“Merlin’s fog watch, my heel is broken! Help!” she yelled as she tried desperately to recover her shoe frantically in the middle of the Diagon Alley moving crowds.

Roleplay Response:

Freya wondered if others frequented diners to listen to the radio. The food tasted something rotten and the coffee had been watered down so, Freya may as well be drinking out of the tap, but she liked that String of Pearls arrangement by Glenn Miller’s Orchestra. She considered a moment, going out and buying a radio. But that would involve having the money to buy a radio in the first place. Something she did not have. Much of.

The little bell on the door keeping the still chilly spring morning out of the diner’s burnt bacon and sausages interior, chimed with her exit. She craved pancakes, but she could count the money in her pocket in the palm of her hand. She wasn't hungry, not really. Her mother often said she could eat the whole north of England out of house and home.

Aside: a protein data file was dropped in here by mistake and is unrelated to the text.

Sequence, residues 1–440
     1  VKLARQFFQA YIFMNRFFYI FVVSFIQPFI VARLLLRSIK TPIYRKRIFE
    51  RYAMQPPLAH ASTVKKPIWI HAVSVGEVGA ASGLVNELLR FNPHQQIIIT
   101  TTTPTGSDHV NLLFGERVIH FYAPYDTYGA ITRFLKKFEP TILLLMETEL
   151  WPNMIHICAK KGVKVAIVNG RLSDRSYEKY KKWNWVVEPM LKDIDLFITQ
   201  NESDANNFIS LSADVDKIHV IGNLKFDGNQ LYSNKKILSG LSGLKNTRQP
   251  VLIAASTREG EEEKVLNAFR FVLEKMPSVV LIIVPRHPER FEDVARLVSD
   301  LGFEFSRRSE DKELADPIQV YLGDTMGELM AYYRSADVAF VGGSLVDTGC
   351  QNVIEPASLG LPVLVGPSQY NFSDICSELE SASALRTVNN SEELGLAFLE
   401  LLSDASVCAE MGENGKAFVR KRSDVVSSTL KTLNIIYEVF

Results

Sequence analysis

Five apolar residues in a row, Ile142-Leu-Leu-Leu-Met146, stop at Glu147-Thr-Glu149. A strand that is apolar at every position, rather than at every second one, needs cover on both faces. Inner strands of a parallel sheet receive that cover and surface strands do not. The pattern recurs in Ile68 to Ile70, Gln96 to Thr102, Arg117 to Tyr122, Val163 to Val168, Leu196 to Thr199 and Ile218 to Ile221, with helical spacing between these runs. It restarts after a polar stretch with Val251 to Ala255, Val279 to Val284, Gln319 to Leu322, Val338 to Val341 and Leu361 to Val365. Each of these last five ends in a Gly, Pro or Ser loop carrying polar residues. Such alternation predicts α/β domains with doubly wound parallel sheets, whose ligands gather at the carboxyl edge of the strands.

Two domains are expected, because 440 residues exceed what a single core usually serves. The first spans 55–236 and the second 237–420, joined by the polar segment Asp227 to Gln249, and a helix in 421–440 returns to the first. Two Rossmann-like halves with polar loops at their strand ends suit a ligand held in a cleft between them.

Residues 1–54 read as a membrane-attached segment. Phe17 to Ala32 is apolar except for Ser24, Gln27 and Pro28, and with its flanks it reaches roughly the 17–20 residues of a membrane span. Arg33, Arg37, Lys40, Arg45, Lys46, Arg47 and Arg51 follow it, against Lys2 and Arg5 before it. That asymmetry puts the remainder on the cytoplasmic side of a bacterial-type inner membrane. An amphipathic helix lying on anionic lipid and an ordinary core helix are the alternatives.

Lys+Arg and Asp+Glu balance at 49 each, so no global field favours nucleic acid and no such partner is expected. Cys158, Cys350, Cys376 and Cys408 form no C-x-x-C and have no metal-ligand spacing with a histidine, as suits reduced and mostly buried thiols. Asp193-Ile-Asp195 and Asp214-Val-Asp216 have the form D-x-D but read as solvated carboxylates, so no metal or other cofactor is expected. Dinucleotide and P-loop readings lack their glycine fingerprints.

Looking into the darkened window of a still closed for the morning shop, Freya made to retouch her lipstick and maybe smooth back the hair that would end up curled against her forehead by the end of the day when someone not too far away, and close enough for that matter to give her a fright, shouted for help and a shoe rolled to hit the back of Freya’s foot.

A small woman with short red hair scrambled against the cobblestones, under oxford shoes and skirts and wooden heels. Freya bent down and picked up the shoe, noting its twisted heel and waited until the girl was close enough to hold it out for her.
“Until you get that fix,” she said, “you could pretend you were born on the side of a hill.”

How did you find us? Friends